I took the one less traveled by, And that has made all the difference.
I am sipping black tea with a tinge of sugar (just decoction, as they called it), sitting on the stone bench in front of a small shop selling groceries in a village called Devi Gere. I have just finished my bottle of chilled Thums Up. I am surrounded by men, one of who brandishes a sickle. And… I feel perfectly safe.
Conversation flows loud. The man with the sickle is quite the character, greeted with amusement by all. “Women should behave like women,” he says with vituperation, evoking shouts of laughter from the men gathered. “I go to Kengeri, and she is there with her mouth full of betel nut, shouting “Evrre! No dignity!”. More hoots of laughter. I sip my tea, smiling with them at the old man’s antics. “He is a character,” I whisper to my friend, as we watch his histrionics.
The Bangalore sun woke up with a flu today with clouds promising a respite from a heat we are not used to. But it is now making up for lost time, scorching the noon with its heat. My car waits in the sun, patiently. It is ready for the next road, the next lane, the next village on a day, which was never meant to be an adventure, but somehow turned itself into life’s own surprise.
I had set out in the morning to take my guest of the day to Pyramid Valley, a meditation center on Kanakpura Road. I love going to this center with a serene lake in the center. But as we turned right from my apartment complex, we came across a traffic snail jam from hell. Ongoing construction work has made the road a narrow constricted artery that is choking its way to a heart attack. I turn back quickly. Sunday is not a day to be spent clogging up roadspace. “Do you want to see the Art of Living Center?” I ask in desperation. But Sri Sri Ravishankar also didn’t appear to be our Sunday kind of guy. So, we chose to get lost in the right direction.
I take a turn off the highway to a road I had never been on. We pass through beautiful fields, shimmering in the sun. Farm after farm pass us by as I crawl along. Resorts I had never heard of crop up. We gaze in wonder at an old, abandoned farmhouse that seems too forlorn in its loneliness. A signpost says “Vaderahalli 1.50km.” So let us go to Vaderahalli, we decide. That seemed like as good a destination as any when you have no fixed road and no fixed plans. Life just frees you up then. I crawl along, taking in the countryside. “I live just a few kilometers from all this?” I think in wonder.
Vaderahalli comes into view on a gentle curve. I slow down, taking in the inevitable banyan tree that often heralds a village.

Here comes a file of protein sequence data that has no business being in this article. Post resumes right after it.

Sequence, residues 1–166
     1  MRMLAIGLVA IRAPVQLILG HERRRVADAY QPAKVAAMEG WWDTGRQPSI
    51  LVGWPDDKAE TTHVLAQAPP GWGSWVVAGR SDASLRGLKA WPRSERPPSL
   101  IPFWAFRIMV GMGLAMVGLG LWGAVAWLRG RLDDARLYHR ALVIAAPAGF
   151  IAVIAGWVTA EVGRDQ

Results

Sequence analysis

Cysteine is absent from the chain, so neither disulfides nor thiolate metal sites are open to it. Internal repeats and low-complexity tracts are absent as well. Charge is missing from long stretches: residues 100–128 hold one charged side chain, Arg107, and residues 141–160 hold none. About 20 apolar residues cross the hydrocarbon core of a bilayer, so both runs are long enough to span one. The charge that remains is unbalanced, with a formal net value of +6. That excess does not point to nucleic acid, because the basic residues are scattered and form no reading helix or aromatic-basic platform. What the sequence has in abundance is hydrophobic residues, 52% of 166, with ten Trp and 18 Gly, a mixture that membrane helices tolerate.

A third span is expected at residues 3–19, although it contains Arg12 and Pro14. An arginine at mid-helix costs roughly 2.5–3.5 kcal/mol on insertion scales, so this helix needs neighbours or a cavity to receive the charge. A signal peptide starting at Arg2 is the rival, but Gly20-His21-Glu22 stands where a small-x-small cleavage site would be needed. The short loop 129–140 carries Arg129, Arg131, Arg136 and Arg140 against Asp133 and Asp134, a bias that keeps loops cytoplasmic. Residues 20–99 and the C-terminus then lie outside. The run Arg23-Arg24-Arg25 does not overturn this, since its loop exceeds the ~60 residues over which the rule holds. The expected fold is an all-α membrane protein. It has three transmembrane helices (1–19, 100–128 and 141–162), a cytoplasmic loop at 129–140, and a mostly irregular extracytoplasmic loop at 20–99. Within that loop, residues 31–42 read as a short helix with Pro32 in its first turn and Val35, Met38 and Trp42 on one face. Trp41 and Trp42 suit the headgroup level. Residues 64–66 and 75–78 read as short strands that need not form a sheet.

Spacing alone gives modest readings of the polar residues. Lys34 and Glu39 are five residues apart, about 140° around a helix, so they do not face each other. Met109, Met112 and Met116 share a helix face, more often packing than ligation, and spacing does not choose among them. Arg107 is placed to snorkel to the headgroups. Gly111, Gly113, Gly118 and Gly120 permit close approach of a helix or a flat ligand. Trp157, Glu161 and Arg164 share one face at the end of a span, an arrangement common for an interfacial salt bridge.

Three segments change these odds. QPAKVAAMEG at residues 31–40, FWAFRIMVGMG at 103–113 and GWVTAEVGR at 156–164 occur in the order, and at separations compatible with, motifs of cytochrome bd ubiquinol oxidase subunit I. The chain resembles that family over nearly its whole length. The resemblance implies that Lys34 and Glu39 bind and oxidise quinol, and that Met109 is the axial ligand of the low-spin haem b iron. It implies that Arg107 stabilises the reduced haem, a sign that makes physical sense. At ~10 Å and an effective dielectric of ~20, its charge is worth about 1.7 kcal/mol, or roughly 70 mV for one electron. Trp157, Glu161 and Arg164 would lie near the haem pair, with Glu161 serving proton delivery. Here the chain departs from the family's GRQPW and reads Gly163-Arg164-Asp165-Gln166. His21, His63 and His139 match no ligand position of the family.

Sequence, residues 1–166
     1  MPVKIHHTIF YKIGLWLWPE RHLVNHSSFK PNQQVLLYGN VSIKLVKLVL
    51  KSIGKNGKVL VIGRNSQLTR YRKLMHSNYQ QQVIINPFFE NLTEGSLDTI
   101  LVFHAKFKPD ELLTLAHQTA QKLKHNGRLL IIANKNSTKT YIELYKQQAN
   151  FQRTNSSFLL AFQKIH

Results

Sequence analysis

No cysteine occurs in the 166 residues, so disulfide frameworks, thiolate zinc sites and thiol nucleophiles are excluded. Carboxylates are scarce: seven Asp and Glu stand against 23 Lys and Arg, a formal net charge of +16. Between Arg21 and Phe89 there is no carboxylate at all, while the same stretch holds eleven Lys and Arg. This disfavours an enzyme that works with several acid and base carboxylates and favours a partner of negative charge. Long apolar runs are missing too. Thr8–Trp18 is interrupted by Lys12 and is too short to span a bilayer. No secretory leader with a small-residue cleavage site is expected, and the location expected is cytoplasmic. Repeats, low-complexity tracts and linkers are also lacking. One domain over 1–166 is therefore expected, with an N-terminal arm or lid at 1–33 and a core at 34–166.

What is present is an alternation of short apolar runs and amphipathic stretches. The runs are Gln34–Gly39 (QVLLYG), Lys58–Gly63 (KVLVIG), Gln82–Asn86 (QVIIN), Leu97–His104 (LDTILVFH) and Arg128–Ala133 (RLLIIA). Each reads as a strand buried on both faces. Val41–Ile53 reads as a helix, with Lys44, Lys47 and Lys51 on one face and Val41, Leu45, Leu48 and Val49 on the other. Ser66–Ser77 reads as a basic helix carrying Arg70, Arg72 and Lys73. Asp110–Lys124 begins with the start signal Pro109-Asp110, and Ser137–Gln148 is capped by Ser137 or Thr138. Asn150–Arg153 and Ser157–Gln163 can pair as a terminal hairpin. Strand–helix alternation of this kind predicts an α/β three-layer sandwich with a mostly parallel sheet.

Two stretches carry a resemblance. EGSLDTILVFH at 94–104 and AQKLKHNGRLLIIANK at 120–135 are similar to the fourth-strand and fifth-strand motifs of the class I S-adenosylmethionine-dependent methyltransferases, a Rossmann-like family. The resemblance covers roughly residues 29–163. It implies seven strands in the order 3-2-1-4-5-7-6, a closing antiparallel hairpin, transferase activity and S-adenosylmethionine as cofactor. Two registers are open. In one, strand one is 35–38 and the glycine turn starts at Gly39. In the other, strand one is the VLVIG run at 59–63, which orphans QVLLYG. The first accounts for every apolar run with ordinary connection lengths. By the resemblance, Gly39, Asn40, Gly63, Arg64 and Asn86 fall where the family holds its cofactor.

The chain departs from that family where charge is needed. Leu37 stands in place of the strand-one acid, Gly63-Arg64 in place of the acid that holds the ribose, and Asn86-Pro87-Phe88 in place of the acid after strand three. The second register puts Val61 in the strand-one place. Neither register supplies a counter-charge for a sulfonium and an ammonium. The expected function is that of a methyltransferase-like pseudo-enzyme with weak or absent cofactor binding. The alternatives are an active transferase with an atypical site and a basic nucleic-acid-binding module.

“Can you help?” pleads a voice from outside. I turn around to see three women with a boy of around eight years. “He is not well, has a high fever, we are taking him to the clinic.” Could we give them a drop? Of course, we could! “Where is the clinic?” we ask. “Just ahead,” they say. I drive for a kilometer. Then another. Where could this clinic be? That’s when it dawns on me. These women were going to WALK all this distance. My odometer shows 4km by the time I pull up in front of the clinic in Thataguni. The women thank us profusely. The mother of the child who is unwell beams at us, a radiant smile not creased from worry. “Get well soon” I whisper in my head, as they walk away. More than 4km to reach a clinic. Yet they smile. People ask me why I travel. Should I give more reasons than this?
The road leads on. Past BGS Residential School, gleaming white in the distance. Past more fields of grain and more fields of nothingness. Jackfruit trees, heavy with fruit, wink as we drive by. Mango trees compete for attention. The road meanders on, caring not for Nature’s bystanders. And then we meet the man with the sickle and the men who give us vignettes of rural life.
I sip my tea as the villagers at the shop shoo away the man with the sickle away. We plie them with questions and they answer with good cheer. “You should shop on Amazon,” advises Nanjundappa who has come by on his TVS XL moped, as general advice to the motley gathering. The shopkeeper disagrees. The women of his house go to Majestic or Malleshwaram, if need be, to buy clothes. “But even that is unnecessary as almost everything comes by on a cart here,” he says. This is better than online shopping, I think. Here, the shop comes to you! Do they watch movies in a mall? They snort. “No time for all that,” they say.
There is only time to go to KR Market to pick up provisions and back. Who needs to go and watch a movie when you have TV? they ask. The subject veers to farming. Some of the farmers here grow silk, selling it for Rs 450 a kilogram in Ramanagaram. Ragi and corn are their main crops. And then they become travel advisors.
“Go to the Big Banyan tree,” they urge. “See as much as you can.” Those words stay in my head as I drive past them to see, for the third time, Bangalore’s biggest tree. It has been more than four years since I last came here, but nothing seems to have changed. But wait. The main trunk is no longer there, the victim of disease. The monkeys are there still, though. The vendors outside selling sugarcane juice and spicy mango are still there. The sense of comfort we gain when something from the past appears in our present. It makes me wonder if nostalgia is just wistfulness for what was or remorse for the change that led to the present.
We make the way back more winding roads with a now-fiery sun. I pick up a plant at a farm on the way, hoping and praying that I don’t live up to my own self-inflicted-reputation as a plant murderer.
The lavender flowers smile at me as I lay the pot in a corner in my living room, a grin that says perhaps, today, you lived. Did you see as much as you could today?